Chilli has been used to spice up food since at least 400BCE, new research from Mexico shows.
Researchers analysed fine scrapings from inside 13 different pottery types excavated in Chiapa de Corzo in southern Mexico, dating from 400BCE to 300CE. Ultra-perfomance liquid chromatography revealed the presence of Capsicum species in 5 of the pottery vessels, but no cocoa, indicating it was not to create the spiced chocolate drink favoured several hundred years later in Pre-Colombian times.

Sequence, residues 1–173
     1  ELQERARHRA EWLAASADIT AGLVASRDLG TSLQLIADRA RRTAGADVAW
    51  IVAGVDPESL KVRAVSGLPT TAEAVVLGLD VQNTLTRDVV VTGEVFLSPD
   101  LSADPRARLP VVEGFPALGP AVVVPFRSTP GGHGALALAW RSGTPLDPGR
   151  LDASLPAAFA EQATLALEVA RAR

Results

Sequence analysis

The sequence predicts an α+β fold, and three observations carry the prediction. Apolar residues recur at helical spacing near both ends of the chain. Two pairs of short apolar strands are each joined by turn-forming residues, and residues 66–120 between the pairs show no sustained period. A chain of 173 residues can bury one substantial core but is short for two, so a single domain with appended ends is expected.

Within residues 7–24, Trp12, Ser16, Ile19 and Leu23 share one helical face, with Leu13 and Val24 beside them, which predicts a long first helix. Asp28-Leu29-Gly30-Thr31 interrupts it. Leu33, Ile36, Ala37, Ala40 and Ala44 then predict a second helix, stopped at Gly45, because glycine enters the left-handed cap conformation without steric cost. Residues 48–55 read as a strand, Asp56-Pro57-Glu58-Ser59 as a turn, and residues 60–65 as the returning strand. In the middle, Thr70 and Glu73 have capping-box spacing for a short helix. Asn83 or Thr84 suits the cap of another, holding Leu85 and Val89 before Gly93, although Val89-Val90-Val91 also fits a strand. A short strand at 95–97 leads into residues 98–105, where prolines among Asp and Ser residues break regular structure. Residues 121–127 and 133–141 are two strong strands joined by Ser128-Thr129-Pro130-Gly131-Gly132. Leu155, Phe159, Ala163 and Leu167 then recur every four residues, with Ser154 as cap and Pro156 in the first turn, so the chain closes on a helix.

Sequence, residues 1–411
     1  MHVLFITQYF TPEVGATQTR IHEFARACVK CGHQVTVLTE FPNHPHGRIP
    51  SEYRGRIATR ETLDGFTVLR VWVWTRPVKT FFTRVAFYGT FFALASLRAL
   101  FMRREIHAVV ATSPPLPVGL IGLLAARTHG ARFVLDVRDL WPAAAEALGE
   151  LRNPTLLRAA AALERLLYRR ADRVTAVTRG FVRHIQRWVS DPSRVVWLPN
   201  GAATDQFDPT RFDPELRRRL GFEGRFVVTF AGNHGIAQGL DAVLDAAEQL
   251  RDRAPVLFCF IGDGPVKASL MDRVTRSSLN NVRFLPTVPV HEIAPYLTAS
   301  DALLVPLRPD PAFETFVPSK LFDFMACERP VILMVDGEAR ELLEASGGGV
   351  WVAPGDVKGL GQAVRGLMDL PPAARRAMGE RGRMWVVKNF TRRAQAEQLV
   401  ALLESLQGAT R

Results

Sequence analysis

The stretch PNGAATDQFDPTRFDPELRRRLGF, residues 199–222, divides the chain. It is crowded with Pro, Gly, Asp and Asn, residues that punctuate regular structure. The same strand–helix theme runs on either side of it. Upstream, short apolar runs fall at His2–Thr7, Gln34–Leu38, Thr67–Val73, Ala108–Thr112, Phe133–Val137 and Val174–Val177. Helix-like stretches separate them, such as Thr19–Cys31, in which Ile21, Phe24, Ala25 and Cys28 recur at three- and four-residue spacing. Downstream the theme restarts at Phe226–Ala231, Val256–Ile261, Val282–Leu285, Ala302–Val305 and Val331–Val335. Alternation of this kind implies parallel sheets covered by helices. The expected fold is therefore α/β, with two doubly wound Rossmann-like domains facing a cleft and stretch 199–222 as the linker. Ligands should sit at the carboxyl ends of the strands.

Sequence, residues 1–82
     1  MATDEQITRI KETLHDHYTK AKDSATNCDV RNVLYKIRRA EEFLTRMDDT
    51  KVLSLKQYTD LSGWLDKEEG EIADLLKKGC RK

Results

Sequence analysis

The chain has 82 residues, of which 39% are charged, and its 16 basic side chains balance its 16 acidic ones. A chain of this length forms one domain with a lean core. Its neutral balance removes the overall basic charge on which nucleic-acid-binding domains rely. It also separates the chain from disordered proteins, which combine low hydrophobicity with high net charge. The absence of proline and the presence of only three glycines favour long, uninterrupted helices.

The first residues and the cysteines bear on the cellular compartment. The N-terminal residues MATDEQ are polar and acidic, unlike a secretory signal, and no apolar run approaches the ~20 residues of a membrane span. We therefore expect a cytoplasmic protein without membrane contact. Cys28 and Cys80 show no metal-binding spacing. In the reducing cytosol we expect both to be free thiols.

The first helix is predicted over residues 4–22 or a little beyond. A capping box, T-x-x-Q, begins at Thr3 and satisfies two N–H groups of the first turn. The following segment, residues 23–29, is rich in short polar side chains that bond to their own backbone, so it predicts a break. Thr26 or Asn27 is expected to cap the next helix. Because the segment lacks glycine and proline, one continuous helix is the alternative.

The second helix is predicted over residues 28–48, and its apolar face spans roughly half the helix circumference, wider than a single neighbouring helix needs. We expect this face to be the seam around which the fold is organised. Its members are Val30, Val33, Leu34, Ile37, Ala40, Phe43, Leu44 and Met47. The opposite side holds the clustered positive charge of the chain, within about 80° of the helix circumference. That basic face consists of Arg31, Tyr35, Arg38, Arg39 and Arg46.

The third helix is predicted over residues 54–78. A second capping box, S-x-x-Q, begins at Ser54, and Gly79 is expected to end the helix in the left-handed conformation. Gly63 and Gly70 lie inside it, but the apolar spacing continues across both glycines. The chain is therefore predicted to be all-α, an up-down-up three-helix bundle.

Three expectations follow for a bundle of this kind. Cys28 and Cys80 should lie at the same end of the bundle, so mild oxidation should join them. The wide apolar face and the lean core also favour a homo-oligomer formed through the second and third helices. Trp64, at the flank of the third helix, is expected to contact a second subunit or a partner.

The researchers postulate that the chilli preparations were for consumption as a beverage or paste, but whether for religious ritual, pharmaceutical or everyday culinary use is unknown. One of the vessels, a spouted jar, is identifiably a pouring vessel, so it was not just for storing chilli peppers.
One other possible explanation is that the jars were coated inside with a chilli-ash mixture to repel insects from spoiling the vessel’s contents.
Citation: Powis TG, Gallaga Murrieta E, Lesure R, Lopez Bravo R, Grivetti L, et al. (2013) Prehispanic Use of Chili Peppers in Chiapas, Mexico. PLoS ONE 8(11): e79013. doi:10.1371/journal.pone.0079013